He Doesn’t Look Disabled.

How many times have those of us with hearing loss been told that we don’t look deaf, whatever “looking” deaf means. It’s hard enough to make people recognize invisible disabilities. but today’s New York Times has an Op-Ed that suggests it’s okay to question the disabled status even of someone with visible disabilities.

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In “The Truth About Harvey Weinstein’s Walker,” Jasmine E. Harris, a professor at the law school of the University of California, Davis, argues that the “‘aesthetics of disability’ produce visceral responses in jurors and the public that can lead them to be more (or less) sympathetic when weighing a defendant’s liability, public responsibility and, in the end, punishment.”

While not outright accusing Weinstein and his attorneys of manipulating a perception of disability, Ms. Harris does say conclusively that this has been done by others: “Or the truth might be that he, like many others before him, will hope the benefit of disability aesthetics will help him in the courtroom.” (Italics mine.)

Readers quickly picked up on his rumpled clothes and slippers as further proof of his phony disability, but don’t forget that Weinstein seemed to spend much of his time in a bathrobe even in so-called business meetings. (I have zero sympathy for Weinstein, so don’t misconstrue my argument.)

Weinstein may be exaggerating his inability walk unaided, but I’m shocked that a professor of  law would suggest that we doubt someone’s else’s disability. It’s hard enough for those with disabilities to get the aid and services they need — or even a seat on the bus or the subway — without someone with Ms. Harris’s credentials suggesting that it’s okay to question someone’s right to their disability status.

It may be a clever legal strategy, but it undermines the credibility of all people with disabilities. Truthfully, I don’t think this was Ms. Harris’s intention, but it certainly lends itself to the argument that, like the welfare queens of the ’60’s, some people with disabilities just want favored treatment.

For more about living with hearing loss, read my books, available at Amazon.com and maybe at your favorite bookstore or library. If it’s not there, ask for it!

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8 thoughts on “He Doesn’t Look Disabled.

  1. Excellent commentary, Katherine. It points up the ever present paradox: I want to treated normally AND occasionally I need special consideration. This is difficult to personally manage and I suspect at times downright confusing to others.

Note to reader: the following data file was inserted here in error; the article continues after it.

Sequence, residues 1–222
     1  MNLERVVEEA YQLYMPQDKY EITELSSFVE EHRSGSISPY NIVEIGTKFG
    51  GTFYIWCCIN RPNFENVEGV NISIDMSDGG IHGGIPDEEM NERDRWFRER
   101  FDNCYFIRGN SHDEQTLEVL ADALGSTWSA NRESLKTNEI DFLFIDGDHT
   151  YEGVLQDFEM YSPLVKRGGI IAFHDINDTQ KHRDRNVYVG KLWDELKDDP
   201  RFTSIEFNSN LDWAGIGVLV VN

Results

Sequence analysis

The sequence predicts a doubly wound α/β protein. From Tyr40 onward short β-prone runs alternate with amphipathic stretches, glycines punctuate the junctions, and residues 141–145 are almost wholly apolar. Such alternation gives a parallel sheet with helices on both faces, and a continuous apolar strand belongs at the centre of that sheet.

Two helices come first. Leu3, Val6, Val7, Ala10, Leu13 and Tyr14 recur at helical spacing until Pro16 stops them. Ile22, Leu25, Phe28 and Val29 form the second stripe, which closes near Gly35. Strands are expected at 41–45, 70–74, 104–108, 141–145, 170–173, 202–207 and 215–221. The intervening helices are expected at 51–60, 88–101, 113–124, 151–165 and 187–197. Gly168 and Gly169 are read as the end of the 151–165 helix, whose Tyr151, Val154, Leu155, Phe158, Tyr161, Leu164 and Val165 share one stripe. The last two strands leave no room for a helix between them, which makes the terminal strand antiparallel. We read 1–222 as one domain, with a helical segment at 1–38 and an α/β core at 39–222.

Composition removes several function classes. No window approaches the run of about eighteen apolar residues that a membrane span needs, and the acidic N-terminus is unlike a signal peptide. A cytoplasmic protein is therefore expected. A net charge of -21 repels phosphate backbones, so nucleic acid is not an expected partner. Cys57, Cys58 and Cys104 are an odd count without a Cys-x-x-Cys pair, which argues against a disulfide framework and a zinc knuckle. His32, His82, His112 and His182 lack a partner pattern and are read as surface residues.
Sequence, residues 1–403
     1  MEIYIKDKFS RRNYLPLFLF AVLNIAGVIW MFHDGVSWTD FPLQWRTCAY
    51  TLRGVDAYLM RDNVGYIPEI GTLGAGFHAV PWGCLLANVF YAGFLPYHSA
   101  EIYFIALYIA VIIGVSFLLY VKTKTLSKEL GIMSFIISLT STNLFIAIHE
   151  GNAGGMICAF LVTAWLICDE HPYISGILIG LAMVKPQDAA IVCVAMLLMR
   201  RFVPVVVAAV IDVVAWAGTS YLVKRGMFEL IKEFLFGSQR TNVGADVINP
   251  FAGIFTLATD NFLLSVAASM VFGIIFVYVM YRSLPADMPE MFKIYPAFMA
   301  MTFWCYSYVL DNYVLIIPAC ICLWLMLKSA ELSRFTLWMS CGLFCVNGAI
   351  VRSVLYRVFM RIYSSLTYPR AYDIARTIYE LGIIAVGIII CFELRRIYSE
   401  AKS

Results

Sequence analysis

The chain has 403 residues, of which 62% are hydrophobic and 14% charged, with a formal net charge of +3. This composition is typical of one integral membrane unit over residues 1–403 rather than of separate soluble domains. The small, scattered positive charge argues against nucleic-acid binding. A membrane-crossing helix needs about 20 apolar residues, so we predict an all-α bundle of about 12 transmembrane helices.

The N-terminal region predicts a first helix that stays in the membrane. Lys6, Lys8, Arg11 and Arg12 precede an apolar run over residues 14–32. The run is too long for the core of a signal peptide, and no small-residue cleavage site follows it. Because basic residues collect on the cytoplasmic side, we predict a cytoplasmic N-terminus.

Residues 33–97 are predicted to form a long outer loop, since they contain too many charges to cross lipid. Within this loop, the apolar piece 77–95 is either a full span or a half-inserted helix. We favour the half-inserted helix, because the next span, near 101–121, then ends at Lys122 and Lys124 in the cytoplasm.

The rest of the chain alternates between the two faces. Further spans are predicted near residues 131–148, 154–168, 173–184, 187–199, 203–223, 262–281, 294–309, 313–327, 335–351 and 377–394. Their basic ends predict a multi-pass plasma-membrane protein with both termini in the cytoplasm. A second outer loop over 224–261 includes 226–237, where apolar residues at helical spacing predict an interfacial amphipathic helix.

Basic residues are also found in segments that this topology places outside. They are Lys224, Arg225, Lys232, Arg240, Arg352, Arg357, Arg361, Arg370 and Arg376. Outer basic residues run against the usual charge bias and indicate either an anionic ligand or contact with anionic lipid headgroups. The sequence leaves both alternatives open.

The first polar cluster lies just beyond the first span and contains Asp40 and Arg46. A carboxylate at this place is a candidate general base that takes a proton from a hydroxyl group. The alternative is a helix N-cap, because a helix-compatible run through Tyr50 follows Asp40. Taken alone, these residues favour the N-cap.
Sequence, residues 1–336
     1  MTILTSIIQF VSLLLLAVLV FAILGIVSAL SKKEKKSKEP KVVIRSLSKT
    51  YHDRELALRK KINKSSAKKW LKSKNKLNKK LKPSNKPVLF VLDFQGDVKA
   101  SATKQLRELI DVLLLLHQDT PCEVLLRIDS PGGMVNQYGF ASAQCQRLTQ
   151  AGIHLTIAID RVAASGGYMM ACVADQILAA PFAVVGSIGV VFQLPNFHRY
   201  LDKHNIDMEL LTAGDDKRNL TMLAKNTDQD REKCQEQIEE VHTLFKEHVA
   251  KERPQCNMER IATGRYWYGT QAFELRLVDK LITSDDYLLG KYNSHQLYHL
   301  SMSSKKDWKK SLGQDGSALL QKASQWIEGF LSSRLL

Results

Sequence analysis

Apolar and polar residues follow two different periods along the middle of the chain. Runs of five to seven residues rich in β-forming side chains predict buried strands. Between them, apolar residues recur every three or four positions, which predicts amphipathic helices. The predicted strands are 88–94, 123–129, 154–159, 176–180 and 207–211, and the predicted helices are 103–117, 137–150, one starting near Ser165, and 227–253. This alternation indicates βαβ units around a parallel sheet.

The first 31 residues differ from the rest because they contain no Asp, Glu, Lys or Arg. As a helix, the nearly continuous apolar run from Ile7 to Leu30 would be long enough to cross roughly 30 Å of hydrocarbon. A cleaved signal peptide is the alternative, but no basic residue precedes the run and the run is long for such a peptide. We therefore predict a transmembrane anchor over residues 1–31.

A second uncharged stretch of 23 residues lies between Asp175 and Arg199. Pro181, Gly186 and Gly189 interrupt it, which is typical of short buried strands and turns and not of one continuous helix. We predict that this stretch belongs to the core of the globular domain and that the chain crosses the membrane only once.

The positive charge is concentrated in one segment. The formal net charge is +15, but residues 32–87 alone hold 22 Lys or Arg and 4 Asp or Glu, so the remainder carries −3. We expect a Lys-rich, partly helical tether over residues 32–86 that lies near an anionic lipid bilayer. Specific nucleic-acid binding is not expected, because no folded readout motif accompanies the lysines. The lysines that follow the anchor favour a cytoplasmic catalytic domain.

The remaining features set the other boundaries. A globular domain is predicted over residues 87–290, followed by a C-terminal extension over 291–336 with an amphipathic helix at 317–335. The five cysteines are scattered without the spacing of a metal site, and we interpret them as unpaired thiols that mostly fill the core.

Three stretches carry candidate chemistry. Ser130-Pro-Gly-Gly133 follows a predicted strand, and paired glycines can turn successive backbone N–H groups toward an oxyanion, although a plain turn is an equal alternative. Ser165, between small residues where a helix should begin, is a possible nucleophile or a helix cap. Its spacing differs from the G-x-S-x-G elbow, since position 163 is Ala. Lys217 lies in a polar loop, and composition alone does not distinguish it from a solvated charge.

Whatever opportunity we have to consider the apparent disability of someone else, we can’t loose by being kind, even if time proves our kindness was misspent. Then, there is the position that kindness can never be misspent. That’s one I need to practice.

    Weinstein’s pathetic tennis ball equipped walker just begged to be questioned. But that’s only one of the many aspects of his life that will be questioned. I can understand being a tad weak-kneed in his situation.

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  2. Conceal or reveal, that is the question for hearing hopeful people.
    Admit or deny! How do you go against the tide of hearty hearers, or seeming so.
    Acceptance or rejection, that is the question and so we try to be understanding of the two-sides of this relationship, as the burden of proof is less visible to one end.
    Hard choices!

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  3. I understand your concern, as we have all seen people with hidden mobility disabilities improperly questioned (such as my friend with lung problems), but I would compare this situation more to the abuse by people claiming untrained or inappropriate pets are emotional support animals on airplanes. When people abuse rights that are for legitimate people with disabilities, it hurts legitimate requests for accommodation. Here, the obvious concern for “theater” makes this a legitimate commentary. Especially the robe and slippers which even very disabled people don’t wear to court.

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    • I totally agree with you about emotional support animals. It makes me furious!
      As for the robe and slippers, that seems to have been his daily wear even before he was arrested, but who knows. What a horrible man.

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  4. The robe and slippers beside being “his normal wear” make me think of the Mafia Don in NY who went around in robe and slippers for years (including “trial ware”) trying to give the impression of diminished capacity for an insanity plea.
    Les Greenberg N-CHATT trainer

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